A version of this post originally appeared on the American Red Cross Northwest Region blog. By Gabriel Martinez, AmeriCorps member.
David Adams, a retired volunteer firefighter of 33 years, found himself the victim of a home fire this spring.
“I was heating up some food on the stove and I walked out, which is a cardinal sin,” said David. He had begun doing other things in his house when the smoke alarm sounded.
“I heard the smoke alarm go off and by the time I got to the kitchen, the fire had flared up on me.”
Despite his firefighting experience, David sustained a burn when he tried to put out the fire.
“I tried getting it out myself but I couldn’t do it,” he said. David lives with his wife and grandson, one of 14 grandchildren, but they were gone at the time of the fire.
“I got the animals out of the house and called 911. The firefighters were there within minutes.”
Smoke Alarms Save
David attributes being alerted to the fire to a recent visit from the Red Cross.
“It wasn’t even two months before the fire that they put that smoke alarm up for me,” said David. “The other ones weren’t working, which I didn’t know at the time.”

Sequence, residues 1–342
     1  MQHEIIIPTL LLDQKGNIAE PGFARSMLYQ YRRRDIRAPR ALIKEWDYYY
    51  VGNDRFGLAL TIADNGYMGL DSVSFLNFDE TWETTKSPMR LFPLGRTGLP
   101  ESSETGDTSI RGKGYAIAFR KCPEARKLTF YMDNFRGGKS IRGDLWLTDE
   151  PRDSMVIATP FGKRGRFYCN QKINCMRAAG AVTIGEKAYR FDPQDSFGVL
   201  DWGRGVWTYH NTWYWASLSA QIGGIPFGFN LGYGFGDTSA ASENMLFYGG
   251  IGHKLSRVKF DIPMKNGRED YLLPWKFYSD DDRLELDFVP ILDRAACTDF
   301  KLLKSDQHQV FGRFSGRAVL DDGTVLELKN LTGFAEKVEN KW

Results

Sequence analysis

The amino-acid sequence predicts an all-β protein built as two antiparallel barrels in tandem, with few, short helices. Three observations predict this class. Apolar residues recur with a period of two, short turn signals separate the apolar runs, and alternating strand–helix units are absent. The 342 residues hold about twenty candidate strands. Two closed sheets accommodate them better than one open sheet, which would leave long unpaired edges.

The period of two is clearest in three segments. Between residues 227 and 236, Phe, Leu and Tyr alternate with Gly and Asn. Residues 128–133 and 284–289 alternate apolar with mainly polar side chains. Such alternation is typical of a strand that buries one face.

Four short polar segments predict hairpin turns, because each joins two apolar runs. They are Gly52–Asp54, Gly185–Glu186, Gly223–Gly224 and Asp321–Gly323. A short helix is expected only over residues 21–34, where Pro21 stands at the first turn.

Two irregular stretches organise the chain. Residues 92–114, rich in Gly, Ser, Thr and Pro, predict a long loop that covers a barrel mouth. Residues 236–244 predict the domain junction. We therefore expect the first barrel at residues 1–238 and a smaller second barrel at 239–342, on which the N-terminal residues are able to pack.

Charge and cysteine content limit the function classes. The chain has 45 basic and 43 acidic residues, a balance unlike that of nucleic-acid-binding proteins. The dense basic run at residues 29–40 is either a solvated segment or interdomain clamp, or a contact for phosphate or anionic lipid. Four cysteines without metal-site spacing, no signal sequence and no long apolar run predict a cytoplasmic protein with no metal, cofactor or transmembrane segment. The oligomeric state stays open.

Red Crossers were in David’s home installing an alarm as a part of the Home Fire Campaign. The campaign, which started in 2014, aims to reduce the number of deaths and injuries from home fires by as much as 25 percent over five years.
David joins a special group of people as a documented life saved from the campaign, a group which has grown to over 90 people so far from across the country.
Home Fire Recovery: The Red Cross is There
The Red Cross was there to help prepare David before the fire and help his family recover. Following the fire, the Red Cross ensured he and his family had a safe place to stay and their immediate emergency needs were met.
“I just want to thank the Red Cross again. They just helped us out with everything you could think of.”
Thankfully, David’s home had a functioning smoke alarm that alerted him to the fire, though not all do. You can help reduce the risk of home fire by testing smoke alarms monthly and practicing evacuating your home in under two minutes.